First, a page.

Means of Abstraction

June 25, 2008

Today I was working on a Rails site where users have profiles that anyone can view, but if you are viewing your own profile, there are links on the page to edit various parts of the profile. I want the links to show up if you are viewing your own profile, but not be there if you are viewing someone else's profile. To implement this is trivial, as any Rails developer would tell you. I simply added a helper method:

def link_to_if_owner(title,url,options={})
  if current_user == @user
    link_to title, url, options

And changed the occurrences of <%= link_to "Edit", edit_something_path %> to <%= link_to_if_owner "Edit", edit_something_path %>. This probably took 15 seconds, and could not be more clear and succinct. When I compare this to doing Java/J2EE development, this task would probably have involved a custom JSP tag and would have been a complicated solution with much ceremony.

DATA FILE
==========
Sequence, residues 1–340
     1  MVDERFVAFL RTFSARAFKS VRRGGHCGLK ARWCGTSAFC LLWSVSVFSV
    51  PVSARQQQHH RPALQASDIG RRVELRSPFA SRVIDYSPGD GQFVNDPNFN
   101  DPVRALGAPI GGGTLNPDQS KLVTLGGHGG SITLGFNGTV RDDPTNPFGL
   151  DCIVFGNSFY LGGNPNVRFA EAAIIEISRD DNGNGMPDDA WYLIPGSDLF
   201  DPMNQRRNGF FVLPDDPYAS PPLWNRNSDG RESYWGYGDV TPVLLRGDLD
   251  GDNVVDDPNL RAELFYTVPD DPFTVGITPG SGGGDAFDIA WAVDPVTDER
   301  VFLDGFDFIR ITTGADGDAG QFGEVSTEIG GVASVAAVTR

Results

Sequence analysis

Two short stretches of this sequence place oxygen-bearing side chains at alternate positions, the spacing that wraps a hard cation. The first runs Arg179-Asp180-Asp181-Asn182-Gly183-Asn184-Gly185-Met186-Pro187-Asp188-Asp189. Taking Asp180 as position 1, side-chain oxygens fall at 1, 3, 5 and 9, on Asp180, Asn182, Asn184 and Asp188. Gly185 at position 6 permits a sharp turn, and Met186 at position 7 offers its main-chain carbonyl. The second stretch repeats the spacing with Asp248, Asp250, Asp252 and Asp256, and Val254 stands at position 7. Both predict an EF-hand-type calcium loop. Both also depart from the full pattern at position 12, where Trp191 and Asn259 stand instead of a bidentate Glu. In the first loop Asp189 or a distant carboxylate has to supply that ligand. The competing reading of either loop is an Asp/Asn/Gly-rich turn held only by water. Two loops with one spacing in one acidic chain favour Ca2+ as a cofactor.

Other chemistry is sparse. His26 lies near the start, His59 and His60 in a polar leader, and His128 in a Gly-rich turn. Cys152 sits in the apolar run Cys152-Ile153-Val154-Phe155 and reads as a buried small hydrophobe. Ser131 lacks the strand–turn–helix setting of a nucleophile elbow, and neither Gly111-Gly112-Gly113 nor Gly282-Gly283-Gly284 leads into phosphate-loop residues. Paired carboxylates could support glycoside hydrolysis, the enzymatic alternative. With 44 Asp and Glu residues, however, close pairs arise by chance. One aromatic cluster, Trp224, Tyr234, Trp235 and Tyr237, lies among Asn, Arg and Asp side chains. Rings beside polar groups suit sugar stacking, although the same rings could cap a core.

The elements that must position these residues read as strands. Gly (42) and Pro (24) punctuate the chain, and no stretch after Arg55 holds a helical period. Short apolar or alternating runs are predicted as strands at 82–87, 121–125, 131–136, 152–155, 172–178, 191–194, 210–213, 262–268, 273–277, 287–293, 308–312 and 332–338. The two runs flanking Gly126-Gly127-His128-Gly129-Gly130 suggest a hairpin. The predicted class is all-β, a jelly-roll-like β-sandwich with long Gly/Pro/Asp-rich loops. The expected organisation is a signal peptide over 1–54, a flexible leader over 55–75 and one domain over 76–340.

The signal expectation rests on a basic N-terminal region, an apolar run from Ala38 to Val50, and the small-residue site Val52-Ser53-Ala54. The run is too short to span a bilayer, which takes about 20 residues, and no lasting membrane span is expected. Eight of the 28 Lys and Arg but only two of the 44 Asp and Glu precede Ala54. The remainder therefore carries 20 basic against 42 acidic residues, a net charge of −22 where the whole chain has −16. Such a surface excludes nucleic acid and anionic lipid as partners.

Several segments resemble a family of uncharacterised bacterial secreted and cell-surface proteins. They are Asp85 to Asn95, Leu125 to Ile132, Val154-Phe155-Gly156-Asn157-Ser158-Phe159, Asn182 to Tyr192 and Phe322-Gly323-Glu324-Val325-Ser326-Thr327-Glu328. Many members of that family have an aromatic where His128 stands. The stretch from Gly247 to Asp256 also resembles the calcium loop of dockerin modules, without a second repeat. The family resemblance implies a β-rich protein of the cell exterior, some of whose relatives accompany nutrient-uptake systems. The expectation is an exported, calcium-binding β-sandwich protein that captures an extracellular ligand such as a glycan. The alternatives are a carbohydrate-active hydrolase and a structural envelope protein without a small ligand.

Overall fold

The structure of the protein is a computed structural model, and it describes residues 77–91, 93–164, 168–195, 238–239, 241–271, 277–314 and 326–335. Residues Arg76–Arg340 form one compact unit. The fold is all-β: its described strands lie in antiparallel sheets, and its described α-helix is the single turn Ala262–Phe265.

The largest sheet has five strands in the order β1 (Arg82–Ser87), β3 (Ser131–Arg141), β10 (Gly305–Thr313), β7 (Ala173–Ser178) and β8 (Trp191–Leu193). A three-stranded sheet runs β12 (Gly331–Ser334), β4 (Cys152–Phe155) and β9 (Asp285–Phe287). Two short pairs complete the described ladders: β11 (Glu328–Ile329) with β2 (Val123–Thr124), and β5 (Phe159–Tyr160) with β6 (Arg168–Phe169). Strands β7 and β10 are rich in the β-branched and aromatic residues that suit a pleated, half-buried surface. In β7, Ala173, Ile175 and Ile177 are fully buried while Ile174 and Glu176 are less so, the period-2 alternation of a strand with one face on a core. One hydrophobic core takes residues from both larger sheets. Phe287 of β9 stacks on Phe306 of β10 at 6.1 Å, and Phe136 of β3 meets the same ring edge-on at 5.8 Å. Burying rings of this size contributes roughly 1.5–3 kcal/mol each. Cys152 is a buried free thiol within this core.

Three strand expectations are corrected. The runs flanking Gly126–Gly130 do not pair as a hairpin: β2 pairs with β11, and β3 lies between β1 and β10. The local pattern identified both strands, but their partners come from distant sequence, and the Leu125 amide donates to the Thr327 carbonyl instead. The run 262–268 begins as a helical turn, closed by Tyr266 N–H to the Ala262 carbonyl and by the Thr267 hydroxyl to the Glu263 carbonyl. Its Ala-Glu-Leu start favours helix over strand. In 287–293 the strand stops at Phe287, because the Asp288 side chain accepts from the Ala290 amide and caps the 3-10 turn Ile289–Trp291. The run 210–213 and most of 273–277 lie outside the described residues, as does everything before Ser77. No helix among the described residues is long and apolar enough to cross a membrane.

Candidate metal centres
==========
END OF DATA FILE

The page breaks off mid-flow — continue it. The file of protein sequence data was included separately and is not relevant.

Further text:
This is what is referred to as the means of abstraction in SICP. They assert that the power of a programming language or framework should be measured by its means of abstraction. The means of abstraction is how you take a set of operations and build a smaller operation that you can build on top of. This is just one example of many that shows why Ruby/Rails is a more powerful combination than Java/J2EE.

Posted in Technology | Tags J2EE, Ruby, Java, Rails

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